Avastin blocks the angiogenesis-promoting gene VEGF, so Weeraratna and the team studied age-stratified melanoma samples from the Cancer Genome Atlas database to see what role VEGF was playing among younger and older patients and to find clues to explain why Avastin did not work for older patients. The researchers found that the expression of both VEGF and its associated receptors was significantly decreased among aged patients. Instead, they found that another protein, sFRP2, was driving angiogenesis in patients over age 55.
Their findings were backed up by studies on mouse models. When the researchers gave mice an anti-VEGF antibody, it reduced the growth of new blood vessels by almost 50%, but when the sFRP2 protein was simultaneously administered, the anti-VEGF antibody had no effect, confirming that sFRP2 was another driver of angiogenesis.
“Older patients have more angiogenesis, which helps cancer spread, but it is driven by sFRP2, not VEGF,” says Fane, a postdoctoral fellow at the Johns Hopkins Bloomberg School of Public Health and co-lead author of the study along with Brett Ecker, M.D., and Amanpreet Kaur, Ph.D. The researchers plan to study antibodies that block sFRP2 as a potential treatment for patients over age 55 who do not respond to Avastin.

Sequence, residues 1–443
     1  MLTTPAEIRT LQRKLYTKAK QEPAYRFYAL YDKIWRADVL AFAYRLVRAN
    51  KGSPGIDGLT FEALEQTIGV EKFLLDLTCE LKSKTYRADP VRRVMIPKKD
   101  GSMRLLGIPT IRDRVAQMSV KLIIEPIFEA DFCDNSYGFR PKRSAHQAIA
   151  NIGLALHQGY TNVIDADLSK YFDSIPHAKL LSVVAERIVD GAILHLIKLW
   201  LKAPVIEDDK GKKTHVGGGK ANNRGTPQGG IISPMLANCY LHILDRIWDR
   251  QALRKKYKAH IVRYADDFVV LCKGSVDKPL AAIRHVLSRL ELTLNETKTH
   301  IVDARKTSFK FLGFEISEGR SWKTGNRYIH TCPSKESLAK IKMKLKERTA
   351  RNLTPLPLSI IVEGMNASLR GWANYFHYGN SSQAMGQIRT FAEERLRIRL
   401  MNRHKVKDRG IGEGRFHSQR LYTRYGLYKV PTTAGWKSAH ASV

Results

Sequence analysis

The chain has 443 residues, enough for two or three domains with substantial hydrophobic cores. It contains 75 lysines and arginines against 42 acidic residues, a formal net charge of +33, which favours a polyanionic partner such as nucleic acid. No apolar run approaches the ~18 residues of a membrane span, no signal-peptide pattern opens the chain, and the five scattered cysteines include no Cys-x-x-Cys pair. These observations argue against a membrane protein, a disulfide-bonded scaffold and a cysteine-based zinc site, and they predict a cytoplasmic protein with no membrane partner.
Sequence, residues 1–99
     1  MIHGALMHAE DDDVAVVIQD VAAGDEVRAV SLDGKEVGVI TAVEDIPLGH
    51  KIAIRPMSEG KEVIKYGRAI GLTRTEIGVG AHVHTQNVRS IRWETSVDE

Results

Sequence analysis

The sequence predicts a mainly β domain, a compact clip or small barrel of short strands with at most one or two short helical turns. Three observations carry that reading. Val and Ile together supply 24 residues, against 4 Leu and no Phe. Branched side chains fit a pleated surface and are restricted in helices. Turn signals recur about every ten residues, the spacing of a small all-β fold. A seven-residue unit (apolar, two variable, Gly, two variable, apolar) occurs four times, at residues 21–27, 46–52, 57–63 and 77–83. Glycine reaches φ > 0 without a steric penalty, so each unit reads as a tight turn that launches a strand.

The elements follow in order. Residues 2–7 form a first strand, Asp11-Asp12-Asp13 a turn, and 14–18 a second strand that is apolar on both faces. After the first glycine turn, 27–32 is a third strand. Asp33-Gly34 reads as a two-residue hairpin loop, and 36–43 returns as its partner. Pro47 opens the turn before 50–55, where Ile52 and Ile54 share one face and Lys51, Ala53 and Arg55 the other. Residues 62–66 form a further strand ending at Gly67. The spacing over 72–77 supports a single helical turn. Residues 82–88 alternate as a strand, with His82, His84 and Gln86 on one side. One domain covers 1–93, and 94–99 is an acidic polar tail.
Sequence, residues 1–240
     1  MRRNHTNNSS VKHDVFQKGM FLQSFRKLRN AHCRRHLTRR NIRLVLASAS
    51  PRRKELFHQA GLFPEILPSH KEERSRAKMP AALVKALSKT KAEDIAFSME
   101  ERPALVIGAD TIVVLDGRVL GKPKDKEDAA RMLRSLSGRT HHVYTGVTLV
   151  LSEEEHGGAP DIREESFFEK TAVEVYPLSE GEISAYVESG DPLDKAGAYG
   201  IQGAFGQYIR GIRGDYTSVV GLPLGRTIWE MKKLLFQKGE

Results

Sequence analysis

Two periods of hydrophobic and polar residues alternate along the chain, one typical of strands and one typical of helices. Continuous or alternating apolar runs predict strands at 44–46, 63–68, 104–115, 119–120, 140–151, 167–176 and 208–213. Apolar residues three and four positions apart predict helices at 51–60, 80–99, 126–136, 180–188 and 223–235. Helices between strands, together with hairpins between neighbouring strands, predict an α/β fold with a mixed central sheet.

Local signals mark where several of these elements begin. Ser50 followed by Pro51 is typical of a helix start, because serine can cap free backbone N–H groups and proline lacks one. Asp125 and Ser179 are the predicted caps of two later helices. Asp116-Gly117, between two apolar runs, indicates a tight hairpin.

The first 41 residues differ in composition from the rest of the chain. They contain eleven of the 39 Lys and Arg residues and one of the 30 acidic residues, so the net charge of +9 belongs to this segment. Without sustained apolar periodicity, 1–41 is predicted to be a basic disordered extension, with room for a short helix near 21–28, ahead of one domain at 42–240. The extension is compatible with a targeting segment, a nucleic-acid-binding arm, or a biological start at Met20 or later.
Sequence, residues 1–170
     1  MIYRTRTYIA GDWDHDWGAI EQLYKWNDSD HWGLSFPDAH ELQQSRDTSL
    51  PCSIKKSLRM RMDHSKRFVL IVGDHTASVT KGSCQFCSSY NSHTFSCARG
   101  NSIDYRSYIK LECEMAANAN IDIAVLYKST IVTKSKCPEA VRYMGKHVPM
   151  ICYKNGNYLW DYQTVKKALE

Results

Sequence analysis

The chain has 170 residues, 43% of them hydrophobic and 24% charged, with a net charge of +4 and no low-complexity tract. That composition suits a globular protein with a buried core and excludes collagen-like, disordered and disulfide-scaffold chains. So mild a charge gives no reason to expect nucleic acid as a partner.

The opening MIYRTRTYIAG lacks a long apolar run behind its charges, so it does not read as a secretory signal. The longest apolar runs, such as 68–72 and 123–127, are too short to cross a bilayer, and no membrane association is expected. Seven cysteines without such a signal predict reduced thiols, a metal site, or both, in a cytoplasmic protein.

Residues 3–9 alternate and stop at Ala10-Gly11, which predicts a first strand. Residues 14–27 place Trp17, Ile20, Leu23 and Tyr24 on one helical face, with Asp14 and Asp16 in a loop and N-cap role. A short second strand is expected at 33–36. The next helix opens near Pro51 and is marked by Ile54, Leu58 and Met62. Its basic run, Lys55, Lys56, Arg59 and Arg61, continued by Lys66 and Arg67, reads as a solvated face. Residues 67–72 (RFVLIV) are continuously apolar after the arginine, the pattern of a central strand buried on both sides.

Both studies, Weeraratna says, make it clear that age is a parameter that must be considered when developing experiments and clinical trials.
“Cancer treatment is not one-size-fits-all,” she says. “Our research shows that younger patients can have very different responses to treatment than older patients. Recognizing that the age of a patient can affect response to treatment is critical to providing the best care for all patients.”
Weeraratna is also exploring how age influences treatment resistance among patients with pancreas cancer.